Jaguar Upgrade: Post Install Unix Stuff, Part II

This is the sixth in a series of posts I’m writing about my upgrade to Mac OS X 10.2 “Jaguar”. This article describes more of the post-installation work I had to do to get working again the many Unix tools and applications I have installed, concentrating on Apache and PHP configuration.

This is the sixth in a series of posts I’m writing about my upgrade to Mac OS X 10.2 “Jaguar”.

This posting is a continuation of yesterday’s discussion, covering the post-installation work I had to do to get my most important Unix tools working when I upgraded to Jaguar. Just to recap, here are the tasks I had to work through to get this weblog publishing system working again:

  • Restore MySQL to working order
  • Change the MySQL user and group IDs back to their original IDs
  • Restore (or rewrite) the Startup Item that starts the MySQL data server at boot time
  • Re-add the MySQL startup flag to my /etc/hostconfig file
  • Re-enable PHP in my Apache configuration file, /etc/httpd/httpd.conf
  • Restore my php.ini PHP configuration file
  • Restore my custom user-level Apache configuration file, /etc/httpd/users/_username_

Yesterday covered the first four items, concerning MySQL. Today we’ll look at the last three, covering Apache and PHP issues.

Re-Enable PHP in Apache Configuration File

The web server at the heart of Mac OS X’s “Personal Web Sharing” feature is an Open Source project called Apache. To call Apache “Personal Web Sharing” is something of a misnomer; Apache is truly an industrial-strength web server, and proves it by being the number one web server on the Internet, with more than 63% market share (in August 2002). Apple has made Apache incredibly easy to use for Mac OS X users, but they’ve done it by hiding much of Apache’s power and flexibility. To really take advantage of it, especially to add new “modules” to it, you have to fiddle with Apache’s configuration file, /etc/httpd/httpd.conf.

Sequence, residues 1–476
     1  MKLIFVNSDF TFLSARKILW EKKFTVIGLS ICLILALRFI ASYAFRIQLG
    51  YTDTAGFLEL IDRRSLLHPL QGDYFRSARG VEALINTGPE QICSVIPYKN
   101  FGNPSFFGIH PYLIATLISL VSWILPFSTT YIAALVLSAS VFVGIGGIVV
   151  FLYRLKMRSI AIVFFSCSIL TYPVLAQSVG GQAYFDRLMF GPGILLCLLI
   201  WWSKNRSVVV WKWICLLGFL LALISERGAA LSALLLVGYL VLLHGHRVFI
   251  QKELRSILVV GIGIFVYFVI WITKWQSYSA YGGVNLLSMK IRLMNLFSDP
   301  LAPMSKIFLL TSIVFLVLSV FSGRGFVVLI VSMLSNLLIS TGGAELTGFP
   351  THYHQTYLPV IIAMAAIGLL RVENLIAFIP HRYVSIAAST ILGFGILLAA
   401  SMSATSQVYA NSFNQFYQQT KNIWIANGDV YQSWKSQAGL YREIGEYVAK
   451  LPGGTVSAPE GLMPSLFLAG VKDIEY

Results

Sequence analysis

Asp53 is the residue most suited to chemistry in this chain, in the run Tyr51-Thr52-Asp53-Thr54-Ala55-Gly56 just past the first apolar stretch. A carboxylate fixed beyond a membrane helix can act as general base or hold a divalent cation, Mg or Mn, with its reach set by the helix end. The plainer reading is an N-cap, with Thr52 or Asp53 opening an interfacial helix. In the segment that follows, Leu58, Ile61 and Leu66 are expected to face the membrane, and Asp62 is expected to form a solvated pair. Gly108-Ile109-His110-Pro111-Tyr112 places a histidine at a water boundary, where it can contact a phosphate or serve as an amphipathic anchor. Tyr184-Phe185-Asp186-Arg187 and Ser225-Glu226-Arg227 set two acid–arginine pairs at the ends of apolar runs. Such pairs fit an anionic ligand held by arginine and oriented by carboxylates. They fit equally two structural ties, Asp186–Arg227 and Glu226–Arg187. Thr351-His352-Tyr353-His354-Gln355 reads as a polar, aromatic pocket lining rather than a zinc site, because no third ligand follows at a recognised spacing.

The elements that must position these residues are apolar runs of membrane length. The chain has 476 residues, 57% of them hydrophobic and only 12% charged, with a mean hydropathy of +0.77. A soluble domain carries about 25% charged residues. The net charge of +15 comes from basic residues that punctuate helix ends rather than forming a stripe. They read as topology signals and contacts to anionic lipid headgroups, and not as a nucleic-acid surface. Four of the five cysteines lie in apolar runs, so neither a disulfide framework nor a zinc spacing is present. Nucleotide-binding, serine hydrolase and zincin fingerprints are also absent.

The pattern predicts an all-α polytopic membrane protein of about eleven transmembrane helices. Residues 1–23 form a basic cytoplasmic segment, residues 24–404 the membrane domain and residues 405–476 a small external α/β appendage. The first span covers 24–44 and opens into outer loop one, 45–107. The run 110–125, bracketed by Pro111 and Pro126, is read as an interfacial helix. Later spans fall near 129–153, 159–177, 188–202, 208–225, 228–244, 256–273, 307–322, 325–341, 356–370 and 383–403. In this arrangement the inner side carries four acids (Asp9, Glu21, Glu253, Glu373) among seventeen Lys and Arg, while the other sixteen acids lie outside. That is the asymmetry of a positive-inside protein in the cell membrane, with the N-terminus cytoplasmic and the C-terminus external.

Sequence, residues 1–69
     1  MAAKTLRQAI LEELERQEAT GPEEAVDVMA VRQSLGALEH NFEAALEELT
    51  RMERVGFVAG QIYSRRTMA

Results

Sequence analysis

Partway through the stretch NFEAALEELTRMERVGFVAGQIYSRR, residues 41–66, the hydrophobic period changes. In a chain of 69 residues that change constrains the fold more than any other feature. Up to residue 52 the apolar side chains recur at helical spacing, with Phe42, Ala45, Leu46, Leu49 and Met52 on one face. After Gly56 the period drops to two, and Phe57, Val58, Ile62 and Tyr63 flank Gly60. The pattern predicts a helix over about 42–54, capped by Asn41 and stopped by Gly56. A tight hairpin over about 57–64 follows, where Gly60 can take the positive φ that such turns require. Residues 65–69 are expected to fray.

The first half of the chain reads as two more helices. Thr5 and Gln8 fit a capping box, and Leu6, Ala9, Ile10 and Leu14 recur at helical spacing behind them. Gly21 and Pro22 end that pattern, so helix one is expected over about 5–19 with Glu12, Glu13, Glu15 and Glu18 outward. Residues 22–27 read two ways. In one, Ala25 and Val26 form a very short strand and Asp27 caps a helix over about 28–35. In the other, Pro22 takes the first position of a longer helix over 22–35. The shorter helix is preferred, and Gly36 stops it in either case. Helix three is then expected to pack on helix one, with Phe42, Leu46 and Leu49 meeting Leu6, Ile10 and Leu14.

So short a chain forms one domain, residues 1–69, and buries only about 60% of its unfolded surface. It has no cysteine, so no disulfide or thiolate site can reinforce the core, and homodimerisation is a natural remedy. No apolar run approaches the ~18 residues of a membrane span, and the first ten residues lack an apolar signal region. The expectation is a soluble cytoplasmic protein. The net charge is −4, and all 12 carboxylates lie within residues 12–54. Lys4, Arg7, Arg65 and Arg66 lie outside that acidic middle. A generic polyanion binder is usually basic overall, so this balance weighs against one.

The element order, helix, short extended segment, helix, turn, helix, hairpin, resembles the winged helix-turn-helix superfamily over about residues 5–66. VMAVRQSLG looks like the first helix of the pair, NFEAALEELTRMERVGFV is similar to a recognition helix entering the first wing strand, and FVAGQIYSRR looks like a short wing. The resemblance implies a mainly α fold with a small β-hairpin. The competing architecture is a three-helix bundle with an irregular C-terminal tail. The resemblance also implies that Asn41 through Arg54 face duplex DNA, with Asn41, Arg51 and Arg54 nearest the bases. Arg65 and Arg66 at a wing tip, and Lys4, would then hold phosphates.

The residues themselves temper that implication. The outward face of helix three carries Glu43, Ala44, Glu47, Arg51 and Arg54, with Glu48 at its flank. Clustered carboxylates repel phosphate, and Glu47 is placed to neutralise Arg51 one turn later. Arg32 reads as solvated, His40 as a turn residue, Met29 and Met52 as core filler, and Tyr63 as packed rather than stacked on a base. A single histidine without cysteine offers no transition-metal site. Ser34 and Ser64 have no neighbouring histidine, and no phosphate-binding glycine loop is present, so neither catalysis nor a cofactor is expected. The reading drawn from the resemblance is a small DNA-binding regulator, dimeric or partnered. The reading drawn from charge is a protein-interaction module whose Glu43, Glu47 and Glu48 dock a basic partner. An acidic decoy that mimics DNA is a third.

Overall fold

Apache is the most popular web server, and the most popular add-in, or “module” in Apache parlance, is a powerful web scripting language called PHP. PHP is actually included with Mac OS X by default, but it’s deactivated in the Apache configuration file. PHP is the intelligence, the programming language that this weblog application is written in, so I have to have PHP activated.

Which I had done in Mac OS X 10.1, However, as part of the Archive and Install method of upgrading to Jaguar, the entire contents of the /etc directory was archived, which means the changes to my Apache configuration got deactivated.

For most of my other configuration files which were archived, I simply copied them back into place. But for the Apache httpd.conf file, first I compared my old file with the version that Apple included in Jaguar. There were enough changes, all the way through the file, that I decided I didn’t want to replace the new file. That meant I needed to re-apply the various changes I had made, primarily to activate PHP.

All of this is preamble to what is actually a very simple task, made slightly more difficult by the fact that /etc is an invisible directory, and the fact that /etc/httpd/httpd.conf is owned by root, to protect it from accidental mangling which would prevent Apache from working. Not a big deal if you have BBEdit. Dealing with permissions issues so gracefully, by making a Unix complexity into a Mac OS experience, is what makes BBEdit such a joy to use.